Old Soviet Factories Turning into Bitcoin Mining Farms in Siberia

Several large crypto mining farms have set up shop in Bratsk, an industrial Siberian city on the bank of the Angara River, taking advantage of the region’s low temperatures, which keeps cooling costs down, CoinDesk reports

The Bratsk hydroelectric station in Eastern Siberia, built during the Cold War to power Soviet manufacturing, is now providing abundant, inexpensive electricity for another energy-hungry industry: bitcoin mining.

Bratsk is an example of how the ruins of the Soviet empire have become fertile soil for new, somewhat exotic flowers. After the USSR collapsed and parts of the huge, mostly military-oriented industrial sector started to wither in the chaos of the nascent market economy, many factories had to shut down. In recent years, miners have taken up some of the slack.

“The surplus of electric power in Russia is huge, due to the closure of some of the Soviet plants and to the fact that energy consumption, in general, became much more efficient over time,” said Dmitry Ozersky, CEO of Eletro.Farm, a mining company building a large venue in Kazakhstan.

As a result, bitcoin mining farms across Russia now wield a joint capacity of 600 megawatts, accounting for almost 10 percent of the total 7 gigawatts of power supporting the bitcoin network worldwide, said Ozersky, a former banker and top manager at the Russian state corporation Rusnano. His estimate is based on data from manufacturers of specialized mining chips, known as ASICs.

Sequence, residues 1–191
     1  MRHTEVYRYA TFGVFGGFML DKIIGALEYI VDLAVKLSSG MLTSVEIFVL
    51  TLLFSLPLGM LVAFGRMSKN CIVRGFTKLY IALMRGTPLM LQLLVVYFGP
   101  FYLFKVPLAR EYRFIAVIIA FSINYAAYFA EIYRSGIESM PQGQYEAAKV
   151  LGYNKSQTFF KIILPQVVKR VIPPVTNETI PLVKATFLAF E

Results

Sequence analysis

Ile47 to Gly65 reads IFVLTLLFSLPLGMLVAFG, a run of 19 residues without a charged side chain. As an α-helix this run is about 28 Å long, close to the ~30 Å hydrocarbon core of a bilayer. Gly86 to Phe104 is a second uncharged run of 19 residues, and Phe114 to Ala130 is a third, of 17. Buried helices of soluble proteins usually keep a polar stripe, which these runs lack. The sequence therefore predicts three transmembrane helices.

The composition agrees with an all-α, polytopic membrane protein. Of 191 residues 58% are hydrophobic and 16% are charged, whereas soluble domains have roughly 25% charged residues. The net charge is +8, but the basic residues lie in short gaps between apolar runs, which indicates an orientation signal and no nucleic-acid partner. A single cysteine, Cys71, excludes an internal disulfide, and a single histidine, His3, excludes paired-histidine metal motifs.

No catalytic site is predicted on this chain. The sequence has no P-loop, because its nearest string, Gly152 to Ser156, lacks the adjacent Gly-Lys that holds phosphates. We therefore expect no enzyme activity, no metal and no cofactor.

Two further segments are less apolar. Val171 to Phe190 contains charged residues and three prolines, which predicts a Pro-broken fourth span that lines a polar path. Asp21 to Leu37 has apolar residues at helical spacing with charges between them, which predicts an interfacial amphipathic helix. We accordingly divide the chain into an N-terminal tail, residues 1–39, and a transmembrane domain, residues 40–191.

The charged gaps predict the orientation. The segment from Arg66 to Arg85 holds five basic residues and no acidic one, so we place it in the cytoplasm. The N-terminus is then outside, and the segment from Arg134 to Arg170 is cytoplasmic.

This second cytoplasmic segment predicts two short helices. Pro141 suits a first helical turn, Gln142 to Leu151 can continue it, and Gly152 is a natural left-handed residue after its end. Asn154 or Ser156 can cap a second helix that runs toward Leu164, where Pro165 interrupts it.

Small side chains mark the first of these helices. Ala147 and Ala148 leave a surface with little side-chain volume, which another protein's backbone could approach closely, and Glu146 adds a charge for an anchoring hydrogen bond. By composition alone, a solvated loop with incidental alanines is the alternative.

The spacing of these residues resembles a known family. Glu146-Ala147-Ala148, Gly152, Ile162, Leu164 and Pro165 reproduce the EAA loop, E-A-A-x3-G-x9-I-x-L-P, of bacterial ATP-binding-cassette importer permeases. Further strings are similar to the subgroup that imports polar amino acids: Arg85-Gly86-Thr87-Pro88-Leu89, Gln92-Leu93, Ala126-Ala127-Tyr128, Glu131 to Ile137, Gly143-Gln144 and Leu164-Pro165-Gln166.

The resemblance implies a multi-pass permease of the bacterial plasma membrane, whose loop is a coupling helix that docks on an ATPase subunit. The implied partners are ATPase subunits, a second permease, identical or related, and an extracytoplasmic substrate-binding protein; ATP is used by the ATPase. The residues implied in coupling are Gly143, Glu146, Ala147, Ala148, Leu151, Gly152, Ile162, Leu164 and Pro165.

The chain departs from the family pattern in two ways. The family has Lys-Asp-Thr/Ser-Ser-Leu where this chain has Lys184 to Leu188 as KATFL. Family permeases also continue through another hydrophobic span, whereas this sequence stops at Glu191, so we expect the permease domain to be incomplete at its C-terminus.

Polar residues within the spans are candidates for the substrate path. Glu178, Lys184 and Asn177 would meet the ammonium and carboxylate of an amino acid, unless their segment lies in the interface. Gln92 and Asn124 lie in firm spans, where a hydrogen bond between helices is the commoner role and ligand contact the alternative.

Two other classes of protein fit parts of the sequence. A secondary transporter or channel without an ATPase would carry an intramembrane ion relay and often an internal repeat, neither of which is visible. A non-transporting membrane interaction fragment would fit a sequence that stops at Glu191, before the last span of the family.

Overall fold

This number, accounting for about 7 percent of the total hashpower of the bitcoin network, might be 20 percent lower taking into consideration older and less productive miners, Ozersky notes. By comparison, farms in China, widely regarded as the world’s mining capital, account for around 60 percent of the total network hashpower, according to the recent report by digital assets firm Coinshares.

To be sure, Siberia still has a considerable amount of industrial production, including metals and wood. But the plants that were allowed to die left behind buildings, land and power infrastructure ready for miners to use, turning the region into an international mining hub.

The electricity in Siberia, generated mostly by hydropower, is some of the cheapest in the world, around 4 cents for kilowatt-hour, and cheaper than the average price in Russia, which is currently around 7-8 cents.

Cryptocurrency has no legal status in Russia yet and is not subject to taxation or securities regulation. Several draft laws on the regulation of crypto assets are in preparation.